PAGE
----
In a twist that would feel right at home in “Parasite,” Bong Joon Ho and Adam McKay are joining forces for an HBO limited series based on the Palme d’Or-winning thriller. The South Korean auteur and McKay are currently in talks with the premium cable network and CJ Entertainment, the film studio behind “Parasite.” IndieWire reported last year that CJ Entertainment was eyeing an English-language remake of “Parasite,” but at the time it seemed like such a remake would be a feature film. Now it appears Bong is eager to adapt “Parasite” as a limited series. McKay has a history with HBO as the producer of “Succession.”
Per Deadline’s report: “The ‘Parasite’ series was hotly pursued by top streamers, with Bong opting to set up the project at HBO and team up with Succession executive producer McKay, who is under a first-look deal at HBO/HBO Max. Bong and McKay will executive produce with Choi for Kate Street, Mikey Le, Cho Young Ki and Francis Chung for CJ Entertainment, and Kevin Messick for Hyperobject Industries. CJ Entertainment’s Jerry Ko is co-executive producer and Fred Lee is a producer. The project is a co-production of Kate Street Picture Company, CJ Entertainment and Hyperobject Industries.”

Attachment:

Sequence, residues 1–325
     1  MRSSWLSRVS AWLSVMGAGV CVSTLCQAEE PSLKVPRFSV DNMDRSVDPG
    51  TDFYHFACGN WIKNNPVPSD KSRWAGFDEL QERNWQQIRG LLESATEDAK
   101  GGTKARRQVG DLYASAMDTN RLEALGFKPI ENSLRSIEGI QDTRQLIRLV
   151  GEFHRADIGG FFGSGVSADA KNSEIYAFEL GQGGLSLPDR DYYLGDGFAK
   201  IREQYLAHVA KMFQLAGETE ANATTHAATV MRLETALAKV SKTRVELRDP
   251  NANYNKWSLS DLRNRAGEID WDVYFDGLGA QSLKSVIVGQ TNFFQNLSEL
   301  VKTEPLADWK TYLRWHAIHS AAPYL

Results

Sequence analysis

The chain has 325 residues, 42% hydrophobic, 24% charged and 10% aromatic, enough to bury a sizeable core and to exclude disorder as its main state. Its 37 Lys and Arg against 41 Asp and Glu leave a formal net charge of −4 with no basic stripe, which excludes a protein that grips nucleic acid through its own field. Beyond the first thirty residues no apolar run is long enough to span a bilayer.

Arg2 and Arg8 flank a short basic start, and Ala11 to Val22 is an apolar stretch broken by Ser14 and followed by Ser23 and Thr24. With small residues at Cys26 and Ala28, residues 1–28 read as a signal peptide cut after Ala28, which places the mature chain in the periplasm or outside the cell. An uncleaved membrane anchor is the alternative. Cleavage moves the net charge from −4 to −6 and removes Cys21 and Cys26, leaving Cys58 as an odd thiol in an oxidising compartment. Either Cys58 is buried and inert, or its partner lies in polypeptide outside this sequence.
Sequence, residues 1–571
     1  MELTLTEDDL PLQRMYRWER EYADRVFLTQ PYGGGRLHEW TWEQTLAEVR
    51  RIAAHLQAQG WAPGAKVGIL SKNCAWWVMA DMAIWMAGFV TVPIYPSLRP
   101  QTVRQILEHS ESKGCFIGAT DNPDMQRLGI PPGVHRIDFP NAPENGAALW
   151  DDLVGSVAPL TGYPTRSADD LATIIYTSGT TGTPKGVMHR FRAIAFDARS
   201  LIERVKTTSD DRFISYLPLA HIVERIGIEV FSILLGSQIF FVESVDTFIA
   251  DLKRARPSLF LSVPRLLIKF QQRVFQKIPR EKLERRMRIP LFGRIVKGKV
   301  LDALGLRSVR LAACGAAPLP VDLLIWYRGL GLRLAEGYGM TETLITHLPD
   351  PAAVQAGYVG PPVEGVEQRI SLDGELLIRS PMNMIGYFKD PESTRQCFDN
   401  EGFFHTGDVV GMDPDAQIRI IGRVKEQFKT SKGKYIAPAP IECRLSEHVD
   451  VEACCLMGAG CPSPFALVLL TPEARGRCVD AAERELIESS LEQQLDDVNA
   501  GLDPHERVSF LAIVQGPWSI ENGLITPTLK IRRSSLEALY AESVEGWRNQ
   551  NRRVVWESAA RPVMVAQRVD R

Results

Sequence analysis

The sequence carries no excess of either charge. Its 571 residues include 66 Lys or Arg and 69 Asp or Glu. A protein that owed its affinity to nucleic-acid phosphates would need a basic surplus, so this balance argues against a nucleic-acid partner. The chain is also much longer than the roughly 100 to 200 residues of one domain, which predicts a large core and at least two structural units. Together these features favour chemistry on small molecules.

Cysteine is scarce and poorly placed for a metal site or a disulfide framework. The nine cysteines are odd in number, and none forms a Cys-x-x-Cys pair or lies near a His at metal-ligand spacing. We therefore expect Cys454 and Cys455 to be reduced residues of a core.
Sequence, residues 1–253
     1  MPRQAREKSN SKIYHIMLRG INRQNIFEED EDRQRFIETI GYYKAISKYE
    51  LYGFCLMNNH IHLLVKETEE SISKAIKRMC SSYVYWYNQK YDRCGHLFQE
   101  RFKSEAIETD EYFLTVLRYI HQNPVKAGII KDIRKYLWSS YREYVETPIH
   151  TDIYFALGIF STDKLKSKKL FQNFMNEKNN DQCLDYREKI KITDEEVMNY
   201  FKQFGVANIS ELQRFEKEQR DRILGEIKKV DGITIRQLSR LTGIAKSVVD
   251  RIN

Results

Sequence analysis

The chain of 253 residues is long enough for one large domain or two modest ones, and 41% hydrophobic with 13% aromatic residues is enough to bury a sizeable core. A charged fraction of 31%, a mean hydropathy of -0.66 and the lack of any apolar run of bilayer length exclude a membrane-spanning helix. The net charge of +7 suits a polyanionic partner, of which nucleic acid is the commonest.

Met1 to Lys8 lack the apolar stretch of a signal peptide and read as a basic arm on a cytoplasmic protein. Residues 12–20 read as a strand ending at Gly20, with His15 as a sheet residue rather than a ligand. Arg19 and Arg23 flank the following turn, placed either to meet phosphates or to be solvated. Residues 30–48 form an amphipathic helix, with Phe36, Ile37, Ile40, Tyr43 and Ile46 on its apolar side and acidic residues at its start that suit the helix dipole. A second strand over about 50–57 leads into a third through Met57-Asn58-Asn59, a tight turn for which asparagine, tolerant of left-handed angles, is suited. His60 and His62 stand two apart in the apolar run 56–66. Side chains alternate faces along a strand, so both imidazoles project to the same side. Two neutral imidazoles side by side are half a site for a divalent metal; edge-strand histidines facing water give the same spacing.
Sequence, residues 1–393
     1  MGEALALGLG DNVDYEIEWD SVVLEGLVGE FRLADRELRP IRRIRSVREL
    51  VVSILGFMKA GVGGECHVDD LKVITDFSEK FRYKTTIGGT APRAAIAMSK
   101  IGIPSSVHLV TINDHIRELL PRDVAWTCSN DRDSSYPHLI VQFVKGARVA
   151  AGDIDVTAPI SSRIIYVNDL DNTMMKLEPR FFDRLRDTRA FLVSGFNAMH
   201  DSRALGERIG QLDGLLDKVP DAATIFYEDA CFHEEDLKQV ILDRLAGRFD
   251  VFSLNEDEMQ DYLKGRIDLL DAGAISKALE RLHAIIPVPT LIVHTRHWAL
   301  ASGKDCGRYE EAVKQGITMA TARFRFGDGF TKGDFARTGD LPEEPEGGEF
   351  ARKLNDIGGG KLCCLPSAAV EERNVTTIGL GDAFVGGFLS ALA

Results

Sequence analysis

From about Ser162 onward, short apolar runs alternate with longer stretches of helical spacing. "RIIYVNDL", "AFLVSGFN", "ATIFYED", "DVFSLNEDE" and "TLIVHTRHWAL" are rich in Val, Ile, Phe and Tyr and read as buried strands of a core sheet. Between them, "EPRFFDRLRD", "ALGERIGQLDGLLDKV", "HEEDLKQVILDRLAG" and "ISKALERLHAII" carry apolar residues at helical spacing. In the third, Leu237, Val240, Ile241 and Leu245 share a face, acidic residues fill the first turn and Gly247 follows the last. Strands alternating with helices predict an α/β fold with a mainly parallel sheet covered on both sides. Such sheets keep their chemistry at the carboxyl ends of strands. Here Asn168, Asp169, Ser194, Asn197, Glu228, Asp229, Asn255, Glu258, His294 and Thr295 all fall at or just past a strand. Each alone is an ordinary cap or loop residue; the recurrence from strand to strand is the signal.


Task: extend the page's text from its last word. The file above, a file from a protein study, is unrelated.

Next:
“Parasite” had its world premiere last May at the 2019 Cannes Film Festival, where it was awarded the Palme d’Or. The prize made Bong Joon Ho the first South Korean filmmaker to win the Cannes Film Festival’s top prize. Neon released “Parasite” in U.S. theaters in the fall and it has gone on to gross over $23 million, making it one of the biggest foreign releases ever at the domestic box office. “Parasite” is Bong’s first $100 million grosser worldwide. The film’s current global tally stands at $130 million and counting.
Popular on IndieWire
Bong, whose previous films include “Okja,” “The Host,” and “Snowpiercer,” has been one of the most dominant names on the 2019-20 awards circuit. “Parasite” is widely expected to land multiple Oscar nominations, including bids for Best Picture and Best Director. “Parasite” recently won the Foreign Language Film prizes from the NYFCC, the National Board of Review, and the Golden Globes.
IndieWire has reached out to HBO for comment.